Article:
Some of my fears for Enna-as-boy are rooted in reality. It’s a much harder way to move through the world, identifying with the gender you weren’t assigned at birth. I fear she’ll be rejected, first for insisting on being the royal police, but later for not participating in a host of feminized activities, from nail-painting to chatting about boys. Already she has separated herself from “the princess girls,” as she calls her classmates (without a drop of derision—it’s just who they are), and they’ve begun to impose their lacey worldview, their appreciation for and demand of beauty, upon her. She told me this week that the princess girls told her not to “scribble scrabble” all over her paper during art time because it’s “not pretty.”

And I’ve already endured the heartbreaking experience of having long-haired, pink-and-purple-clad girlie-girls look at my daughter and say, “Is that a boy or a girl?” Her predilection makes her vulnerable, and that’s what snaps my parental sentry into action. Orenstein says that there is absolutely nothing wrong in rejecting the princess model of play, but she admits that it can be difficult for such resisters. “One of the unfortunate outcomes of this one mode of play is that it excludes and makes freaks out of girls who aren’t into it,” she says. “And that’s really sad.”

Looking at Myself
Enna has made me realize how conservative and old-fashioned some of my ideas about girlhood are. Like most parents, especially parents of girls, I have conflicting desires for my child. I want her to be exceptional, and yet I want her to fit in. I don’t want her to be judged or defined by her looks, but I want her to be adorable. I don’t want her to need male approval, but I want her to have it. It’s embarrassing how relieved I was to hear that one of the boys in her school wanted to marry her, even as I was so unhappy that, at ages 3 and 4, they’re already discussing this subject.

Girls, our society seems to think, should be strong and smart and bold, but also pretty and sweet and demure. Let’s be honest: the ultimate girl is someone who chooses to be a rock star, a spy, or a high-powered politician…but not because she couldn’t get a job modeling. It’s a very high bar for girls these days. They’re expected to grow into women who have careers and run households—big brains and breadwinners—but are still objects of beauty.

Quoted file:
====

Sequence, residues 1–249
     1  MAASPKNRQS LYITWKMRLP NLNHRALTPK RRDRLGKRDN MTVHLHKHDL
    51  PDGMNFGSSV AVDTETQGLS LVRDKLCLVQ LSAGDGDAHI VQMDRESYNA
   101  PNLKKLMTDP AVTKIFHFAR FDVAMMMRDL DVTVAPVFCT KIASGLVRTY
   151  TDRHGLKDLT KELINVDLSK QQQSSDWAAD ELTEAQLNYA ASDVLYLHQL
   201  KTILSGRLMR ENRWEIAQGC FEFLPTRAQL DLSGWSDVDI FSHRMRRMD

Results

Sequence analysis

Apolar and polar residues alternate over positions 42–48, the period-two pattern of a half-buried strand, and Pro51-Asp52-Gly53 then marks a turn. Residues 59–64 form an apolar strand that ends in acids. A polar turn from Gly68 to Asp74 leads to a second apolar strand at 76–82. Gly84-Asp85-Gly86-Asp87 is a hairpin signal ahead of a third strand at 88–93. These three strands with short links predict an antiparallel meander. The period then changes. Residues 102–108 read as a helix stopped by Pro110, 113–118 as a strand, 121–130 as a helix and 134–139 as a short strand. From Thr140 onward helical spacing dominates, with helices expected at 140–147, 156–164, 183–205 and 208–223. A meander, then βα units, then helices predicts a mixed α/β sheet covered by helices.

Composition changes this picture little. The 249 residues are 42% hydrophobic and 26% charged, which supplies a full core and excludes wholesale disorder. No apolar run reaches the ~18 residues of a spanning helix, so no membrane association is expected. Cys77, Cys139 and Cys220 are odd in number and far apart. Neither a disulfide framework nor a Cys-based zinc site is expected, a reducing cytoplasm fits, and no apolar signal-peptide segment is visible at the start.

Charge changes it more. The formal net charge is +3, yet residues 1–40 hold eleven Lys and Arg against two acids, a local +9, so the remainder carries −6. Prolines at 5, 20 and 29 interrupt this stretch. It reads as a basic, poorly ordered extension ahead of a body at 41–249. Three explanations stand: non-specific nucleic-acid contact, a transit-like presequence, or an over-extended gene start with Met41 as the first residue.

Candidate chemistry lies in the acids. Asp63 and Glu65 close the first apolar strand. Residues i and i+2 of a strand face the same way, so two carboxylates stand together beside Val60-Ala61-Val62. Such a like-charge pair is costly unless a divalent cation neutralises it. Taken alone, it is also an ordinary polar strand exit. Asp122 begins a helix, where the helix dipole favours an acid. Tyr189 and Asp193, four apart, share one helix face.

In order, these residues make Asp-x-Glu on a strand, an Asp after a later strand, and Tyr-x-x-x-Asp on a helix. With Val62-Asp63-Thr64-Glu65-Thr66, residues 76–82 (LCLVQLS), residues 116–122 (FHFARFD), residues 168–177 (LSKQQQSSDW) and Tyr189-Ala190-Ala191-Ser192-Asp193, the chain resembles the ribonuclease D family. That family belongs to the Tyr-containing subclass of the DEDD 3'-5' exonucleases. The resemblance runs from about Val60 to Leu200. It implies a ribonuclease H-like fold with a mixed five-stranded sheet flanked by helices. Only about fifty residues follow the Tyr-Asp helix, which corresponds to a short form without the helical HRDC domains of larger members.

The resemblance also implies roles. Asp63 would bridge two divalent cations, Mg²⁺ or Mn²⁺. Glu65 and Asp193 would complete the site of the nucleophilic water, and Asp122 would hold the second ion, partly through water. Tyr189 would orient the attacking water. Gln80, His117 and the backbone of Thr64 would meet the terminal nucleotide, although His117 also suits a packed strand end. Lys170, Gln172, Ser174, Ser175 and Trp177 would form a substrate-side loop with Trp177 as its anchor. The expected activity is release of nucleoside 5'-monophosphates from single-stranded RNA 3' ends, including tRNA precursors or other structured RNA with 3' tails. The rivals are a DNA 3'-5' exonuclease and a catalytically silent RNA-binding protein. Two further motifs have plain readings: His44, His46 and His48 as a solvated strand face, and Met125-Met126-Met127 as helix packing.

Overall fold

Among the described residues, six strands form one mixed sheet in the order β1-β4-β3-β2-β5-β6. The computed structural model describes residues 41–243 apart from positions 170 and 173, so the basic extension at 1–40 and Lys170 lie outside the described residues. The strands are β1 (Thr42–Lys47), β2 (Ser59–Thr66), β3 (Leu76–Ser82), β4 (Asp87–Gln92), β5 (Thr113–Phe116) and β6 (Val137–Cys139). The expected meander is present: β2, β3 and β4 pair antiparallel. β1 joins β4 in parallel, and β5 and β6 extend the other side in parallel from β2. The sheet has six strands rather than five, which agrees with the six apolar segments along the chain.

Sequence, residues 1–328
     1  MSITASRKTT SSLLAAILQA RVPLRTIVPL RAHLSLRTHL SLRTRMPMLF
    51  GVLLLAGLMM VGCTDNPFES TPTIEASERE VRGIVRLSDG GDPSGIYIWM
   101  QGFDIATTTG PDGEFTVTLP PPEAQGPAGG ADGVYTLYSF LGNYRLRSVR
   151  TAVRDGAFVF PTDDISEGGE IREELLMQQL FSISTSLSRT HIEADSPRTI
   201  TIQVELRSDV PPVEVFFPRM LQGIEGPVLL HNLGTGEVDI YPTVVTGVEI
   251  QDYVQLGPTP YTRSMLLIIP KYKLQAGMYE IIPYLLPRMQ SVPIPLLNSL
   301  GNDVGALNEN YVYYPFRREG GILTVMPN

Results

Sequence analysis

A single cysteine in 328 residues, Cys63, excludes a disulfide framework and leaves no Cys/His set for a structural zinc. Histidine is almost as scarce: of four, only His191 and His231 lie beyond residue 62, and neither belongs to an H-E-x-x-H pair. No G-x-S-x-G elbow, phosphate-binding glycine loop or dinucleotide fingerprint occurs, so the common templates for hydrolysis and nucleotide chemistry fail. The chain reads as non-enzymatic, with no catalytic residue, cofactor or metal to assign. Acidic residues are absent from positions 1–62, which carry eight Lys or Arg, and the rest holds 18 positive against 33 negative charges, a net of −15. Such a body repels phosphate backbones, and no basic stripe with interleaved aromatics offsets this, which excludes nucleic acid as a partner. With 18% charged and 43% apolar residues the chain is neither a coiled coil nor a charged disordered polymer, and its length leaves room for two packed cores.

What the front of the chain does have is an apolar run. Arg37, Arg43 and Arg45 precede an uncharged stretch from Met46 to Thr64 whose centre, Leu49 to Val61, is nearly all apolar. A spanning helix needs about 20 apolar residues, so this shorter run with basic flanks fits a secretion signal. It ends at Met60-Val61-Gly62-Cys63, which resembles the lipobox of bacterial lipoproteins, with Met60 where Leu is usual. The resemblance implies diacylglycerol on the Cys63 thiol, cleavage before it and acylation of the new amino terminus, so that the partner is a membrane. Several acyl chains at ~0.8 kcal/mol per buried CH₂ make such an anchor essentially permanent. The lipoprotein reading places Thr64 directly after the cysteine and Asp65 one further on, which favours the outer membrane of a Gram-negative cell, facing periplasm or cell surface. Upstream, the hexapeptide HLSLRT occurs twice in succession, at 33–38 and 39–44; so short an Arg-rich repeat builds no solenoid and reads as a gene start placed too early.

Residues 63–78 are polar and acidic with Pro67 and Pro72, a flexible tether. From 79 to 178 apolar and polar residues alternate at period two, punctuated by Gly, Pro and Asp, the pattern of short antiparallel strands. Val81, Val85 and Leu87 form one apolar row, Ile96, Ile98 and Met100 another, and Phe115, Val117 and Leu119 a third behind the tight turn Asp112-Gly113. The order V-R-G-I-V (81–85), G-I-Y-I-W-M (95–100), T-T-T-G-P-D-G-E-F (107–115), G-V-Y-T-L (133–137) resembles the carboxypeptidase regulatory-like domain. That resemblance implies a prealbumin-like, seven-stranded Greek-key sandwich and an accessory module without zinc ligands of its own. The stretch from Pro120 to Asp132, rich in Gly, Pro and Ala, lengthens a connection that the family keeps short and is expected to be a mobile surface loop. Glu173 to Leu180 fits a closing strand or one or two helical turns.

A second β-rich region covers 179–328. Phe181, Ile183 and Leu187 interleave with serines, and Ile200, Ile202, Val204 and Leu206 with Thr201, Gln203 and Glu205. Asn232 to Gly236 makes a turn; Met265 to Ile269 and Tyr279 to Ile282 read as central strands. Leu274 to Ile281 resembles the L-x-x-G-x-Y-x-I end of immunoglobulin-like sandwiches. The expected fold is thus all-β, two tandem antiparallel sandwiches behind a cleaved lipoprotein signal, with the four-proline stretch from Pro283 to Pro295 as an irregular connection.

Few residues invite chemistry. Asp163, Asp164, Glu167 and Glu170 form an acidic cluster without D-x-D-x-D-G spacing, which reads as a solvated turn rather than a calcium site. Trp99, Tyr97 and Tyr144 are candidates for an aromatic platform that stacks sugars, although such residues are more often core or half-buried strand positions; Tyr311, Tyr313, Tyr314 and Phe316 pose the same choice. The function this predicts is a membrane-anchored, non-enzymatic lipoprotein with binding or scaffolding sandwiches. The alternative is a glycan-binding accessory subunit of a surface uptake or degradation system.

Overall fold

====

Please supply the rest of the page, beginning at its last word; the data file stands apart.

And this is where I struggle. I love that Enna has rejected this restrictive, dominant paradigm of girlhood to forge her own path—it’s exactly what I wanted. But I don’t want her embracing of all things boy to be a rejection of all things girl. I want her to feel pretty enough, worthy enough, to even be a princess if she so desires. When Enna goes to school in a baggy soccer t-shirt, two sizes too big, I find myself worried that she’s expressing low self-esteem sartorially, that some part of her has absorbed the idea that she’s not princess material.

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The solution, I think, is to encourage girls to diversify their play, and for Enna to be seen as a trailblazing, ass-kicking cool kid, instead of a freak. Teachers and other parents should celebrate her for introducing other modes of make-believe to the one-note princess girls. “Before the princess onslaught, little girls did play at being dogs and ponies and cats,” says Orenstein. “Now they only play on this one script.” It’s a script my daughter is trying to rewrite, and I’m lucky in that none of the girls, or the boys, at her school rejects her for it…yet. They’re fond of the royal dog, or the royal police, and content to let her play with them. For now.

There’s really only one remaining objection to Enna’s proclivity: we have the loveliest assortment of hand-me-down dresses, ones that currently Enna refuses to wear but that I don’t want to waste. For this, though, I have clear-cut solutions. We wear dresses on Thursdays, and any time she wants to wear her tie, she has to wear a skirt, too. Which she does, as long as she can wear jeans underneath and, as always, her Spiderman shoes.